38 Studios Repayment
About a month ago, I wrote here about whether the 38 Studios bondholders should be repaid. At the time, I didn’t think so. In part because I believed the insurance would cover it, but later found out the policy is held by the bond buyers, not the state. Also because it was a moral obligation bond with an approximate three times higher interest rate than a general obligation bond. The bond buyers knew the risk as they were getting such a higher interest rate. They also identified the risk by purchasing the insurance, though there were also other reasons for the insurance, including the overall cost of the deal.
However, we’re now learning that the whole thing may stink even worse than first thought. I’d love to know if the originators of this deal knew all the facts as they’re coming out now.
Guess what, to a ratings agency like Moody’s or S&P, it doesn’t really matter what type of bond we default on. I know some may not believe this, but here are two pieces of evidence.
From a June 2013 Office of Management and Budget Report, Director Peter Marino stated:
Rating agencies and the market do not make distinctions in the type of debt when it comes to a default.
and in today’s S&P negative watch, posted by WPRI’s Ted Nesi:
S&P “would likely take negative rating action, lowering [general obligation], appropriation, and moral obligation debt by multiple notches” if Rhode Island lawmakers refuse to put roughly $12.5 million into the next state budget to make the next two payments to the 38 Studios bondholders.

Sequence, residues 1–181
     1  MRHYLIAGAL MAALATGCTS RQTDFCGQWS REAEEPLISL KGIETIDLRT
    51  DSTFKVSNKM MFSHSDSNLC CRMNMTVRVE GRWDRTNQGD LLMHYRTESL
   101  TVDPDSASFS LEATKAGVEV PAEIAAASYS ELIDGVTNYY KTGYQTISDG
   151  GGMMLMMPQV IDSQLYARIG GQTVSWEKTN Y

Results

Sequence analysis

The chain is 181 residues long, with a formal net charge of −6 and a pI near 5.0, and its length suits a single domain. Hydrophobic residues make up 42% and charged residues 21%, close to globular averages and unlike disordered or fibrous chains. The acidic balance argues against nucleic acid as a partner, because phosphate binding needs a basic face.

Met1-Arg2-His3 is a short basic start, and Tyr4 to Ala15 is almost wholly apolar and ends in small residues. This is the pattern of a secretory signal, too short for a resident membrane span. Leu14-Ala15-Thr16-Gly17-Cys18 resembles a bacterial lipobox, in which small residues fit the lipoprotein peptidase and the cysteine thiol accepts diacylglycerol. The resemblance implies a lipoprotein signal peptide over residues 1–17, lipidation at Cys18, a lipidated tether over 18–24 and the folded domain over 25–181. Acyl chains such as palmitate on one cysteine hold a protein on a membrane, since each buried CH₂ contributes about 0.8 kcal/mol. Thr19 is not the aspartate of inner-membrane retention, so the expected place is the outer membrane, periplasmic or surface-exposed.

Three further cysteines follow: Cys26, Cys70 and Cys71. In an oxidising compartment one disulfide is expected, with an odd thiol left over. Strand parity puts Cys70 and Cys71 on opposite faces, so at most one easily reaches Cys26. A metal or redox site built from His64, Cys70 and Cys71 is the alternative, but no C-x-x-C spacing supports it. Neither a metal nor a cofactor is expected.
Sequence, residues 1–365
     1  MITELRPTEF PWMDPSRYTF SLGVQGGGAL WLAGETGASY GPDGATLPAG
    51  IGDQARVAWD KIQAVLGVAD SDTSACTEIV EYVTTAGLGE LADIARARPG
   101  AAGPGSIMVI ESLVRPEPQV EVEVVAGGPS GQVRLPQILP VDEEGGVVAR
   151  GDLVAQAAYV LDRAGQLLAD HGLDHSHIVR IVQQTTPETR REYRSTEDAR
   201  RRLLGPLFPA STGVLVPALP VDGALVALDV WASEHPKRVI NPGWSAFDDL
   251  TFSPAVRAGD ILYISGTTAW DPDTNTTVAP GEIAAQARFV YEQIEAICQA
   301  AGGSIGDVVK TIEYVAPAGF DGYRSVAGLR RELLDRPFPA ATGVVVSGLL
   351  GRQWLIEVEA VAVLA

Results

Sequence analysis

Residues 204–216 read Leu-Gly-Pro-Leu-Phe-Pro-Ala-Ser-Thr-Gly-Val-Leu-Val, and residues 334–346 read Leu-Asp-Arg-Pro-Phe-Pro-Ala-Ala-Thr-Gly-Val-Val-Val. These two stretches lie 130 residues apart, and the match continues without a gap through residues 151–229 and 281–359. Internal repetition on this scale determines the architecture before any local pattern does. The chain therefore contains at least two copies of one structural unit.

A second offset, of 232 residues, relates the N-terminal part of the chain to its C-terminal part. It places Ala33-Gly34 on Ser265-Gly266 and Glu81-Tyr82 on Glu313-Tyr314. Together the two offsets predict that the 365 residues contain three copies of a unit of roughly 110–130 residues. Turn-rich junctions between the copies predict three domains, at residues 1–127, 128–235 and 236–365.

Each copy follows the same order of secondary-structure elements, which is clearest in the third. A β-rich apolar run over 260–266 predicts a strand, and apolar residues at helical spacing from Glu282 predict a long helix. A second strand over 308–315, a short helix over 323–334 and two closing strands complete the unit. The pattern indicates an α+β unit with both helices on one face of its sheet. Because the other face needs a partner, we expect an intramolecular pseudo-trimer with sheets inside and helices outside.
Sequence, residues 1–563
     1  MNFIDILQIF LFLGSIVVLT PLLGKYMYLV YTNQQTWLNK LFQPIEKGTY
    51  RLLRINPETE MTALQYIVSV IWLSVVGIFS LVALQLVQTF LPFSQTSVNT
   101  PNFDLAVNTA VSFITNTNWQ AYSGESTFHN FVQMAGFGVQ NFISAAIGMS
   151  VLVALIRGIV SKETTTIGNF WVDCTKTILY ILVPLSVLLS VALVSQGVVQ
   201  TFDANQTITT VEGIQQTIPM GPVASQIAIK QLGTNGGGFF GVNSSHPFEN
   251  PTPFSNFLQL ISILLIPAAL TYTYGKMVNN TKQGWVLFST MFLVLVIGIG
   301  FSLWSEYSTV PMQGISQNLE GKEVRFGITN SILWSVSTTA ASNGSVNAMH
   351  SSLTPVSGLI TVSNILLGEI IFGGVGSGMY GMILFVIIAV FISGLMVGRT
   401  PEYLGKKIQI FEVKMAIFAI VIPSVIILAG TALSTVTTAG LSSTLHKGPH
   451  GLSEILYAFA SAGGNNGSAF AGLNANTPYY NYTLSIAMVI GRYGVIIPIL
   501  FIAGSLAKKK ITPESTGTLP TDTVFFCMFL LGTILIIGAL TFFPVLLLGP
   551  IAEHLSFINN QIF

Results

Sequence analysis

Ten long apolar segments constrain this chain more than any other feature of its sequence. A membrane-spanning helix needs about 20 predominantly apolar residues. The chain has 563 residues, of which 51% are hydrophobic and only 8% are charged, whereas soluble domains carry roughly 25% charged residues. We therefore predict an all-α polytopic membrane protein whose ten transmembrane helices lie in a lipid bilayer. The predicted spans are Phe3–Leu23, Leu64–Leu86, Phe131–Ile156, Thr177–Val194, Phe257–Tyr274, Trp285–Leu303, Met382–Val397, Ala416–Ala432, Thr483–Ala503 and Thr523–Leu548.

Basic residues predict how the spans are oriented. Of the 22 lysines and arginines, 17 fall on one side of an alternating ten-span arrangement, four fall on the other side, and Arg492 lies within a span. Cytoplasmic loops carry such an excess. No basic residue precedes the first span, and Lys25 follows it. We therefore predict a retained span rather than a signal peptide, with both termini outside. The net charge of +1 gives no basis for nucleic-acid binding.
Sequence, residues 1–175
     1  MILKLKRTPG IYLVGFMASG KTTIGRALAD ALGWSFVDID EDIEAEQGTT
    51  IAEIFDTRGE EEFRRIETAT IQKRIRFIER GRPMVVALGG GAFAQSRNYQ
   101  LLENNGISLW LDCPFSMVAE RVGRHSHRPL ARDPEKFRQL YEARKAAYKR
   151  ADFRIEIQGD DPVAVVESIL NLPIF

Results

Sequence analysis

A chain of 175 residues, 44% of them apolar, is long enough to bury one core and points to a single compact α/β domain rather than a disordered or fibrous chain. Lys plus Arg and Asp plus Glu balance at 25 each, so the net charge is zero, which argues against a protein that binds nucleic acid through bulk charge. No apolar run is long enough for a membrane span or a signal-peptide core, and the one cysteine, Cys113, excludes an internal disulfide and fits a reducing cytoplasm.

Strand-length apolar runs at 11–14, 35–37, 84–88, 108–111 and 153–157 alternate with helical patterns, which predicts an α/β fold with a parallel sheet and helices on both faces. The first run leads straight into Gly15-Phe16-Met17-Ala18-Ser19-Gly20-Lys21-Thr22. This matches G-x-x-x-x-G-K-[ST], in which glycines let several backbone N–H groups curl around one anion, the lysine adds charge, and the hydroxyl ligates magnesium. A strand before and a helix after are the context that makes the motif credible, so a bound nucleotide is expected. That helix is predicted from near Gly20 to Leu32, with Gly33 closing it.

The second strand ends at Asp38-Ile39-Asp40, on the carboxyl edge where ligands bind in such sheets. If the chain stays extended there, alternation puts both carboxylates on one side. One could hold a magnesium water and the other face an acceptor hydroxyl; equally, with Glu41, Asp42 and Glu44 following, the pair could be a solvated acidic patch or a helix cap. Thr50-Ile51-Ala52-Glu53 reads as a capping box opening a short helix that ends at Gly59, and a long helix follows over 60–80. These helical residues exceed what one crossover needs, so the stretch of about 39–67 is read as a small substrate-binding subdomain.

So there’s that. What’s the next course of action?
General obligation bonds and moral obligations bonds are actually different. At recent House Oversight Committee hearings, Representative Chippendale pointed out explicit language in RI law that the state might not pay these bonds back, differing from general obligation bonds. And again, that risk was outlined by the interest rate difference on these bonds. But now if RI chooses to default on future payments, the state could suffer a credit hit to its general obligation bond ratings. They could even be lowered to the point where future borrowing extra costs could exceed that of the $125 million that the state is on the hook for already.
If that is the case, that over the long-term it will cost the state more money to default on the bonds than to pay them back, what is the prudent choice? We shouldn’t muddle the issues that the state never should have engaged in this deal in the first place. That’s done and if the House Oversight Committee wants to hold hearings to get to the bottom of who screwed up what, I’m all for that. However, I feel that information is irrelevant toward whether we should pay these bonds back. If the ratings agencies are saying that we must pay the 38 Studios bondholders or they’ll lower our general obligation bond rating, then wouldn’t it make more fiscal sense to simply pay it back and keep the better credit rating going forward?